Authorities are checking deals involving more than three dozen companies, focusing on transactions worth at least Dh17.13 million.
India cracks down on taxation of transfers within foreign firms
MUMBAI // India is aggressively pursuing tax claims against multinational firms operating in the country as the government seeks to rein in its budget deficit, taking particular aim at IT and back-office functions, tax officials say.
It has targeted several multinational companies in recent years for tax audits on transfer pricing, but over the past 12 months has widened the scope of the investigations, tax officials said.
Authorities are now checking deals involving more than three dozen companies, focusing on transactions worth at least 250 million rupees (Dh17.13m), officials said. Having just issued claims for the financial year to March 2009, it has shifted focus to 2009/2010.
Transfer pricing is the value at which companies trade products, services or assets between units across borders, a regular part of doing business for a multinational.
Revenue authorities in many countries including Britain, France, Germany and the United States are increasingly challenging efforts of companies to minimise tax liabilities by moving taxable income from higher-taxing jurisdictions to lower-tax ones.
Critics worry that overly aggressive tax authorities could undermine foreign investment, although tax officials say they have been working overtime as the finance minister, P Chidambaram, looks to make up a revenue shortfall and head off the threat of a credit-rating downgrade.
"On some days we had to work through the night to meet the deadline," said one official. "There are so many cases that are coming to us but we don't have an adequate number of people."
At least 1,500 transfer-pricing disputes were in litigation in India as of February 2011, compared with fewer than six in the United States and none in Taiwan or Singapore, an Ernst & Young survey showed in August 2012. Still, western campaigners say Bric countries - Brazil, Russia, India and China - are tougher on corporate tax avoidance than developed countries.
One company in the cross hairs, Anglo-Dutch oil major Royal Dutch Shell, said earlier this month it would challenge a claim its local unit underpriced shares transferred to the parent by US$2.8 billion (Dh10.29bn). .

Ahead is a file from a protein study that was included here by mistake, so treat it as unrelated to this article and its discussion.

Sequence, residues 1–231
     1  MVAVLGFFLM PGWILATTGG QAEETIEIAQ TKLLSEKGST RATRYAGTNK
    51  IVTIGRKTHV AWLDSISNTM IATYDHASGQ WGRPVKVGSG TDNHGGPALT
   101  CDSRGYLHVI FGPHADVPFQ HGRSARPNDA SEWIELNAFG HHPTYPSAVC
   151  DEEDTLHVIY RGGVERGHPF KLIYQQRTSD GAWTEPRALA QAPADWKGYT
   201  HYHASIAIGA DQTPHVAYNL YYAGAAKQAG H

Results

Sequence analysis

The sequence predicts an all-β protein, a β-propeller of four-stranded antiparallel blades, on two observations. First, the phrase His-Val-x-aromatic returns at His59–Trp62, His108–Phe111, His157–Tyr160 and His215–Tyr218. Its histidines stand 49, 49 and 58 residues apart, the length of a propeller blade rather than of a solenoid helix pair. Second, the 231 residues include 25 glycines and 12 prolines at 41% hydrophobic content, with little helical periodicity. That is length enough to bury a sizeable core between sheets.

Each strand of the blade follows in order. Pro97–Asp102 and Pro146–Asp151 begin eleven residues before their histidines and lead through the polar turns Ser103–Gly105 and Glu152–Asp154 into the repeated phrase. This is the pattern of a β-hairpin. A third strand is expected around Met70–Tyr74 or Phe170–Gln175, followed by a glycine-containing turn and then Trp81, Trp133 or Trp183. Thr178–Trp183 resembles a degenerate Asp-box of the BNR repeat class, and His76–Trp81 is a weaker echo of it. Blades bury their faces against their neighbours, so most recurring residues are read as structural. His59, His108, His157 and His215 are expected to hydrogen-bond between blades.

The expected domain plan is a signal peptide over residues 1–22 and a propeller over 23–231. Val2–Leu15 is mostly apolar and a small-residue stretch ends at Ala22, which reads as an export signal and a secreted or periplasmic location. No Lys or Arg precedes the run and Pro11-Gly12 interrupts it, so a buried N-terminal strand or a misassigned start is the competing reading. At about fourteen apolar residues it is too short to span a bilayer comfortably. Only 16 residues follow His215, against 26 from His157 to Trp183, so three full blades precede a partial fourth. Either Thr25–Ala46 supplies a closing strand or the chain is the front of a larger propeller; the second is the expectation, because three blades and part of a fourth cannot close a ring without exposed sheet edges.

Effectively, India is demanding the tax on the interest Shell would have earned on the $2.8bn, in the largest ever claim in an Indian transfer-pricing case, tax officials said.
South Korea's LG Electronics, Singapore property group Ascendas, French IT services firm Capgemini and chocolate maker Cadbury are also involved in transfer-pricing disputes in India, documents at the tax department's appellate tribunal show.
In information technology and business process outsourcing, the tax department believes many firms are taking advantage of low costs in India to develop high-end, patented services or products that are sent to overseas parent firms as low-value routine work.
These sectors are expected to account for more than half the total claims in transfer-pricing deals in the fiscal year 2008/09, a tax officials said, up from about one third earlier.
Outsourcing makes up more than $100bn of India's economy, with companies such as Accenture, Bank of America Merrill Lynch, and Microsoft Corp employing thousands in functions such as customer service, risk and fraud management and finance and accounting.
A spokeswoman for the National Association of Software and Services Companies said the Indian outsourcing lobby group was concerned tax authorities have been making "inconsistent and very aggressive adjustments".
Because valuing an internal transaction is often a matter of opinion and assumption of future growth, companies and tax authorities can arrive at widely divergent views on their value.
"Some of their decisions on valuations are very arbitrary and obviously may not be sustainable at higher appellate levels," said Sanjay Tolia, partner for transfer-pricing at Price Waterhouse & Co in Mumbai.
In LG Electronics' case, tribunal documents show the company's Indian unit was deemed to be promoting the LG brand owned by its parent, which should have compensated the local unit, thereby generating taxable income. Authorities claim the excess expenditure amounted to a transfer-pricing adjustment of 1.61bn rupees.
Earlier this month, British-based mobile-phone giant Vodafone said it had received a fresh transfer-pricing order over the issue of shares by a unit. India's tax office says the Vodafone unit under-priced shares issued to a Mauritius-based group company by nearly 13bn rupees, ET Now TV station reported recently.
Vodafone is already fighting a transfer pricing case in the Bombay High Court that involves a $1.6bn disagreement, a person with direct knowledge of the matter said. The company declined to comment.
India is also trying to claim more than $2bn in tax stemming from Vodafone's 2007 acquisition of an Indian mobile company from Hong Kong's Hutchison Whampoa.
Vodafone says share subscriptions are not covered by either Indian or international rules on transfer pricing so the latest order had "no basis in law".
Tax officials say that while shares are not taxable, the department is increasingly clamping down on under-priced share deals on the premise that it is losing out on taxing the interest that the adjusted amount would have earned.
Still, consultants say the department's argument would not stand the test of law.
The average corporate tax rate in Asia this year is 22.89 per cent while in Europe it is 20.49 per cent, compared with 32.45 per cent in India, KPMG says.